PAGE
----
• Tuesday, July 05, 2022

HEADLINE STORY

Young innovator’s device ‘can breathe new life into muscles’

By: Shelbin MS

AN AWARD-WINNING young innovator said the experience of watching his mother on a ventilator in his childhood, as well as the difficulties faced by patients during the Covid-19 pandemic, inspired him to develop his product.

Oxford-based Mihir Sheth, 28, developed RespiTrain, a device that keeps a patient’s muscles working when they are on a ventilator to avoid muscle wastage.

It helps to wean patients off the ventilator quicker and claims to reduce the time spent by patients on the device by 30 per cent. It could potentially save the NHS more than £1 billion annually.

Sheth, who recently won the UK’s Young Innovator award, told Eastern Eye, “My mother spent 40 days on the ventilator; I was 10 at the time. I remember the experience and am aware of the effects of having someone in the ICU for such a long period.

“That was one of the motivations for me to continue working on this product, to ensure that we could reunite patients with their families as soon as possible.”

Device for breathing muscles of ventilated patients
Device for breathing muscles of ventilated patients

Sheth, who co-founded Inspiritus Health, said he was inspired when he was part of the Oxford Global Insight Fellowship in 2020. Along with a consultant anaesthetist and a lawyer, he spent a month embedded in hospitals in Senegal and the UK to understand the problems faced in the delivery of healthcare.


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“We saw patients in both countries slowly wasting away on the ventilator, and found out that about 40 per cent of the total time on ventilation is spent in weaning – the process of rehabilitating the breathing muscles,” he said.

Breathing Muscles
Breathing Muscles

“During Covid-19, while everyone was looking to get patients on the ventilator, we decided to look at getting patients off the ventilator. We spoke to many clinicians, nurses and physiotherapists to understand ventilation better and started Inspiritus Health to develop a simple, easy-to-use, non-invasive device to improve the strength of breathing muscles of ventilated patients,” Sheth added.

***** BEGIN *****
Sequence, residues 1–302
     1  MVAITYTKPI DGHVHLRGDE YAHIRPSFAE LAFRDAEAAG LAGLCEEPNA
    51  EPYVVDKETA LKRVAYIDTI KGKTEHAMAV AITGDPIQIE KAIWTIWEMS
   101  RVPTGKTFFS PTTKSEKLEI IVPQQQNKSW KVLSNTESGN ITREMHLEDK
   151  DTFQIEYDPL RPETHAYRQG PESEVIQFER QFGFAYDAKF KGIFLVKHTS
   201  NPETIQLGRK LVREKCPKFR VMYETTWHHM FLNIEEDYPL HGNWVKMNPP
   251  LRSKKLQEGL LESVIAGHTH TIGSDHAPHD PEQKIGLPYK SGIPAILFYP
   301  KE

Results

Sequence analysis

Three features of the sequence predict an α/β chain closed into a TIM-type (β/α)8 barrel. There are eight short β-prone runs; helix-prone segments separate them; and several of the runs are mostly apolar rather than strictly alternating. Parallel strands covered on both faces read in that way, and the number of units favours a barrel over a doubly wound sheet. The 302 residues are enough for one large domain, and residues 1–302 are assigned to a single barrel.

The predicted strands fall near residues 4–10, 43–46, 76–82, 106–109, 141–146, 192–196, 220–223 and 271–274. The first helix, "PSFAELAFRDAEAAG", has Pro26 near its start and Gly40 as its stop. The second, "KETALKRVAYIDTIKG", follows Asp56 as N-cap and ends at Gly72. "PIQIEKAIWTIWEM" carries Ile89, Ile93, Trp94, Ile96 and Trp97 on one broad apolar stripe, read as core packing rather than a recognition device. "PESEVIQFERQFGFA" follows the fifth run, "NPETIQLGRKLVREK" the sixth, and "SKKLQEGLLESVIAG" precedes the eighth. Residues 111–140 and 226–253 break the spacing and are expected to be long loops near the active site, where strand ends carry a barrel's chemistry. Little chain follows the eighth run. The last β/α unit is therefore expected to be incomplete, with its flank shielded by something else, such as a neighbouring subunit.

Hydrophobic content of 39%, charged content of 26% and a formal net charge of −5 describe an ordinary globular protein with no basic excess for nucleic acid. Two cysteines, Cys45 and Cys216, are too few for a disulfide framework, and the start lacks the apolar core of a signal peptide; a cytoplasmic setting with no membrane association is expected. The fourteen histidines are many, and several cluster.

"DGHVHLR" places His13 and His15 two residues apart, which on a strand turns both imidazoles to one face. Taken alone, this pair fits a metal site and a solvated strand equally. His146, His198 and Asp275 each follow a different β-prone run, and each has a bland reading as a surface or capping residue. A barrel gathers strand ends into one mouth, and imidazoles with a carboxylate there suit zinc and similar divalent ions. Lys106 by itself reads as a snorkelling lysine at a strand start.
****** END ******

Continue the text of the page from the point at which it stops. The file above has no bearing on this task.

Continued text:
An electrical engineering graduate, Sheth had experience in creating simple-to-use medical devices in Ghana, Kenya, and the UK.

He partnered with Dr Myra Malik to set up the company and is now working with clinicians to collect extra evidence on the product’s effectiveness.

Sheth said, “This innovation is really important for all the stakeholders in healthcare. Reduced time on ventilation means that patients can be discharged quicker and with fewer complications.

“Keeping the breathing muscles healthy also means patients are more likely to be discharged to live a healthy and independent life.

“For the doctors, this means they can potentially prevent respiratory muscle atrophy – one of the reasons for prolonged mechanical ventilation. This also frees up ICU beds, allowing doctors to treat more critically ill patients and save more lives.”

Sheth grew up in Mumbai and finished his masters in electrical engineering from the University of Michigan. Later, he lived and worked in the US and Kenya, before moving to Oxford in the UK in 2020.

He said the next steps were to raise money to develop the prototype further and conduct laboratory, clinical and usability trials with clinicians and patients to get regulatory approval.

This will be carried out alongside partnering with manufacturers, hospitals and distributors to supply chain channels needed to bring the device into the hands of customers quickly, he explained.

Sheth was one among 63 winners of the Young Innovators’ Awards, handed out by Innovate UK. As part of UK Research and Innovation, the organisation aims to facilitate young aspiring entrepreneurs to take their business idea to the next level through its Young Innovators programme and #IdeasMeanBusiness campaign.

It will support young people for 12 months, with individuals benefiting from a £5,000 grant, one-on-one coaching and an allowance to cover living costs.

Sheth said, “It is an incredible honour for me to win the UK’s Young Innovator Award. This award comes at a time when I needed it the most, as I had not been able to make much progress last year after being rejected from a few grants and the isolation from the pandemic.”

He added, “I hope my story inspires other young people not to be scared of trying to solve problems that they see in their daily life, and to know that this can often be a long, hard and lonely journey, but the innovation space is also incredibly kind and willing to help.

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